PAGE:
Overview of Organizational Leadership in Malaysia
Scholars have not come to a consensus on a distinctive style that may be referred to as the Malaysian leadership style (Ahmad, 2001; Lo et al., 2010). Since the country is ethnically and culturally diverse, the leadership styles in the workplace are a reflection of these varied cultural and ethnic values of the Malaysian society (Ahmad, 2001; Kennedy & Mansor, 2000). Studies pertaining to leadership at the workplace in Malaysia have shown two distinct features: the role of culture in leadership and the variations of leadership styles based on different ethnicities.
In general, the Malaysian culture may be summed up as collectivist; hence, there is strong affinity for group affiliation and maintaining relationships (Hofstede, 1980). Early studies on leadership styles in Malaysia have described it as being traditionally top-down (Lim, 2001), hierarchical (Abdullah, 1994; Ansari, Ahmad, & Aafaqi, 2004; Kennedy, 2002) and emphasizing harmonious relationships (Abdullah, 1994; Kennedy, 2002). Leaders in the Malaysian workplace context are expected to be sensitive to the multiculturalism of its workforce (Selvarajah & Meyer, 2008); genuinely care for their employees’ well-being (Gharibvand et al., 2013); and be generous, modest, compassionate, self-effacing, patient (Kennedy, 2002, p. 20) and paternalistic (Ahmad, 2001; Hegardt Ullberg & Kundla, 2014; Jogulu, 2010). Paternalistic leadership style is defined as “behaving like a caring parent who understands his subordinates’ needs and concerns” while maintaining authority and respect (Ahmad, 2001, p. 83). Despite its paternalistic style, sensitive and tactful communication should be considered. For example, feedback is welcomed as long as it is delivered in ways that preserve self-respect and is sensitive to the feelings of others.
Malaysia is predominantly populated by three ethnic groups (Malays, Chinese and Indians). Studies comparing the major ethnic groups’ leadership behaviors indicated similarities as well as differences in leadership styles and preferences, due to distinct cultural and religious heritage of each group. The Malay and Indian managers are suggested to prefer a participative style of leadership while Chinese managers tend to have a delegating style (Saufi et al., 2002). In another study, Selvarajah and Meyer (2008) contended that Malaysian managers maintained a distinctive leadership behavior along their ethnic lines. Malay and Indian leaders placed higher emphasis on aspects of personal qualities (morality, religion, trust and communication), compared to Chinese leaders. This inclination may be linked to values, traditions and religious influence from the Islam and Hindu beliefs (Selvarajah & Meyer, 2008). In terms of managerial behavior, Chinese leaders felt more strongly on delegation, and management through persuasion and management education (Selvarajah & Meyer, 2008), therefore delineating their Confucian values and heritage (Taormina & Selvarajah, 2005).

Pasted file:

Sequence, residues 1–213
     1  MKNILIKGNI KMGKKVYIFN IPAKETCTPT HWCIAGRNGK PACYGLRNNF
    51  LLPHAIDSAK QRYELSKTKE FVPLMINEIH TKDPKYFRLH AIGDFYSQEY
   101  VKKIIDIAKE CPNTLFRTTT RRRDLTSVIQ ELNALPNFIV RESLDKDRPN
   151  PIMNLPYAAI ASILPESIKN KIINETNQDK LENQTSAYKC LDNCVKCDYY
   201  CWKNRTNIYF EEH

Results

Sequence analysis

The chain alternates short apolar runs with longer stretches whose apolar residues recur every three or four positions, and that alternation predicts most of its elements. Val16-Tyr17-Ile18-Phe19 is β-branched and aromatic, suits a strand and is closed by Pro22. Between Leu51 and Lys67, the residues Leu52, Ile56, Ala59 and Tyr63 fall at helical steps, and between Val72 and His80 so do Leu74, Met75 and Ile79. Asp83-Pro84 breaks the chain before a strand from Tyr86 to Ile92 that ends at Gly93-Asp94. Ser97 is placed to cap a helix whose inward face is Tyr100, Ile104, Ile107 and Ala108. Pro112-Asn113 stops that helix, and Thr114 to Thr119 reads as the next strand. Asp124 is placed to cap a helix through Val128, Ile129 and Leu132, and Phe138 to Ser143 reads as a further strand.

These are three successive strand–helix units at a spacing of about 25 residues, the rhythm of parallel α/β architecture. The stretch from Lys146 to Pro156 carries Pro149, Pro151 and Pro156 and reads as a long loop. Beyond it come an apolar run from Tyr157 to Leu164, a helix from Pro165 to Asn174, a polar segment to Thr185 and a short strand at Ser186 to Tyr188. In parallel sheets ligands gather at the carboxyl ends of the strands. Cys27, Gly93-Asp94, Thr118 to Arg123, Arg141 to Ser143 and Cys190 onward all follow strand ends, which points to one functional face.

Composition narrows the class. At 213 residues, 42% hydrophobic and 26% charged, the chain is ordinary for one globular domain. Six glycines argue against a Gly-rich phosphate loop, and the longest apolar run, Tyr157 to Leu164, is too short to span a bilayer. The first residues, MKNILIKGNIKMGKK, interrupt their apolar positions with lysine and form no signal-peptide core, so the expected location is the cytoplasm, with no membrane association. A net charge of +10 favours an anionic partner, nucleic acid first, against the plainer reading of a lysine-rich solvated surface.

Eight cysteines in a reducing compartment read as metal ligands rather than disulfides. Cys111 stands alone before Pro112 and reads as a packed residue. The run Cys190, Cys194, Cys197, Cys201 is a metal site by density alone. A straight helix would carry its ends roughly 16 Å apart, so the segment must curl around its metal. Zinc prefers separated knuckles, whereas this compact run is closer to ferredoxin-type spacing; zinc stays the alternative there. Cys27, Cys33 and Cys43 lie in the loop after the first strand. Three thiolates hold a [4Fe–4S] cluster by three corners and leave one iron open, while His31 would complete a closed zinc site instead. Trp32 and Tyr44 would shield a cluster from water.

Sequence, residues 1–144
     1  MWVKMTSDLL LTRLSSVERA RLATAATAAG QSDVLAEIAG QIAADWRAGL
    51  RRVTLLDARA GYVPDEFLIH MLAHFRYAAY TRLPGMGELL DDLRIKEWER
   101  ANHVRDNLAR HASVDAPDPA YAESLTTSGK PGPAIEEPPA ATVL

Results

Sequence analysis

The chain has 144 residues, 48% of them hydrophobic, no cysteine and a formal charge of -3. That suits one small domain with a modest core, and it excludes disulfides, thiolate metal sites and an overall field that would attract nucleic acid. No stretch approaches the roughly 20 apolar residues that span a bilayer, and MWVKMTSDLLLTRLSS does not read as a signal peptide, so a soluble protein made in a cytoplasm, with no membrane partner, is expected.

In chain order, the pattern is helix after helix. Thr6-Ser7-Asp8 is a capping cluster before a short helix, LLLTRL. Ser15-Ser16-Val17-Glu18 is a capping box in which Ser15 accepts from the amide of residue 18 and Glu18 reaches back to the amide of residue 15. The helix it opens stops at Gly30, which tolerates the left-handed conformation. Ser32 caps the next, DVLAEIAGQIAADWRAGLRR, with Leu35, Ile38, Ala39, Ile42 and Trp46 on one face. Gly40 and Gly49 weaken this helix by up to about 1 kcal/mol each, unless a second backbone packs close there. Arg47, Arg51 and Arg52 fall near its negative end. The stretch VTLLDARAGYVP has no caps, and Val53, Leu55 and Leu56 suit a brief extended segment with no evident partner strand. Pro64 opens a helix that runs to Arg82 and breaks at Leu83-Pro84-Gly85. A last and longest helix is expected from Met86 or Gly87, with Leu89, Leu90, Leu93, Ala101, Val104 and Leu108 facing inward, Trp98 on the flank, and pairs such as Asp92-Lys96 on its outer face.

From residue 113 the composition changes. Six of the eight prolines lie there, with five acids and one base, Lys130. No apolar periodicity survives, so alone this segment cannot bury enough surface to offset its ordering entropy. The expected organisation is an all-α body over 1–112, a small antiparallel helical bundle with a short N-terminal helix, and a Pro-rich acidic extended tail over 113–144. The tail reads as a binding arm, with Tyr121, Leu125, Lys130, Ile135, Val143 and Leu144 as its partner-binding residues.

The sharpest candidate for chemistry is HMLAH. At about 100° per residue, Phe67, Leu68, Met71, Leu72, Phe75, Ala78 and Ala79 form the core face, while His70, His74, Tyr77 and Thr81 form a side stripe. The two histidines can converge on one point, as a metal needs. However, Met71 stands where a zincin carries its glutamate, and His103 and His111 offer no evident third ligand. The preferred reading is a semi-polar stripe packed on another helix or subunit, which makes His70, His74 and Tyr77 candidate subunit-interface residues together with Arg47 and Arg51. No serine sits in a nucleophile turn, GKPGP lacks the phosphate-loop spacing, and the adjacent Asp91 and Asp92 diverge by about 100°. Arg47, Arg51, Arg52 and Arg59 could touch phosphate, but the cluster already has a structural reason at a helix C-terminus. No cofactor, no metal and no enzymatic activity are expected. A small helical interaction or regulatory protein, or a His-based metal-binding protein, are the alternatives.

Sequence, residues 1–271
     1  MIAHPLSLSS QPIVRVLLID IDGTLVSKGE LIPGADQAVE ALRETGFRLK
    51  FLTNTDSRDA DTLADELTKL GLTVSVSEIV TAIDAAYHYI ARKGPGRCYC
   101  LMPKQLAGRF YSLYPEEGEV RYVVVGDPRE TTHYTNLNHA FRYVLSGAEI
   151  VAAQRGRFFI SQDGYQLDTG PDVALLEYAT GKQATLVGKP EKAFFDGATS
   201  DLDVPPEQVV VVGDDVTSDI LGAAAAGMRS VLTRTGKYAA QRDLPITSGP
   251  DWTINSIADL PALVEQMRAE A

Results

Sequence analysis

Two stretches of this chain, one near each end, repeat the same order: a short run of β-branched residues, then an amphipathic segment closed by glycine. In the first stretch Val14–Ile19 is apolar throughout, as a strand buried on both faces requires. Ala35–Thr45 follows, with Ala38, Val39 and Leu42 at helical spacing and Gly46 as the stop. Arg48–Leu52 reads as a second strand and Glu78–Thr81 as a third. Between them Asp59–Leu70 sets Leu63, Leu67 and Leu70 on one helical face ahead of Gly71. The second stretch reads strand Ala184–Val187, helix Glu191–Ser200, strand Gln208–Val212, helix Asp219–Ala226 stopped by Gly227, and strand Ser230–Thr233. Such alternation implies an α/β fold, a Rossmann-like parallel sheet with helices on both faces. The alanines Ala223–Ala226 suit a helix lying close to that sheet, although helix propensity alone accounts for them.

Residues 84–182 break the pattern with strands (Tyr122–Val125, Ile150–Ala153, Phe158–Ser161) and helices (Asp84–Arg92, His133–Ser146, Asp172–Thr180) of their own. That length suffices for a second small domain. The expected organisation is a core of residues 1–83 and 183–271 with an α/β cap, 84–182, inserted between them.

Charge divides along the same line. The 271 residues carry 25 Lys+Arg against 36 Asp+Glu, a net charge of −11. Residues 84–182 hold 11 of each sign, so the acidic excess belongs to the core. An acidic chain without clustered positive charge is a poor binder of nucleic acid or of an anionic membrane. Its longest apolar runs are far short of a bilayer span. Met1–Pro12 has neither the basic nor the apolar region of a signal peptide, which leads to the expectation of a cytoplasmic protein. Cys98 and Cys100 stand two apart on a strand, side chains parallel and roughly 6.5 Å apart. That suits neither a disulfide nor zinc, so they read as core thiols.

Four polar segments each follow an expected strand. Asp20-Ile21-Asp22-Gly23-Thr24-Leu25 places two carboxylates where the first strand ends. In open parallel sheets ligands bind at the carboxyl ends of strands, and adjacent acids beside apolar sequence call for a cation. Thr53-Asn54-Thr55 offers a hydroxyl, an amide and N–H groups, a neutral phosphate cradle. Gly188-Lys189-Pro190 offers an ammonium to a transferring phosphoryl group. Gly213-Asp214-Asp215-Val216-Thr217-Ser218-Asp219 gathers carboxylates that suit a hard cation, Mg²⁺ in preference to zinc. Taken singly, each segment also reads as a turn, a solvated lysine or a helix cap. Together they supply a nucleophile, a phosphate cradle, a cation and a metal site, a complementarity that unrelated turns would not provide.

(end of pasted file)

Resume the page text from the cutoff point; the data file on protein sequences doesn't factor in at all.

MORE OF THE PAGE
Recent studies, however, found that leaders need to establish a more active employee participation in the workplace to ensure workers remain more interested, motivated and satisfied (Gharibvand et al., 2013; Abdull Rahman, 2012). Contemporary perspectives on leadership have also been studied in the Malaysian context. Scholars observed transactional leadership relates to better commitment to change compared to transformational leadership in public higher education settings (Lo, Ramayah, De Run, & Ling, 2009) while in multinational and local company settings, the results indicated that transformational leadership is preferred (Lo et al., 2010).
However, a leadership quality survey by Boatman et al. (2011) indicated that leaders and human resource (HR) professionals in Malaysia rated their leadership quality more negatively compared to others around the world. The authors attributed this to Malaysia’s developing status and the probability of leadership promotion based on tenure and technical skills as opposed to leadership readiness. The study also identified three critical skills Malaysian leaders should acquire in the future: (a) coaching and developing others, (b) driving and managing changes and (c) identifying and developing future talent. The study further revealed that although these three skills are deemed important, only about half of Malaysian leaders claimed to be proficient in these skills. This suggests the importance of a concentrated effort on leadership development in Malaysian organizations, focusing on critical skills that a leader should possess.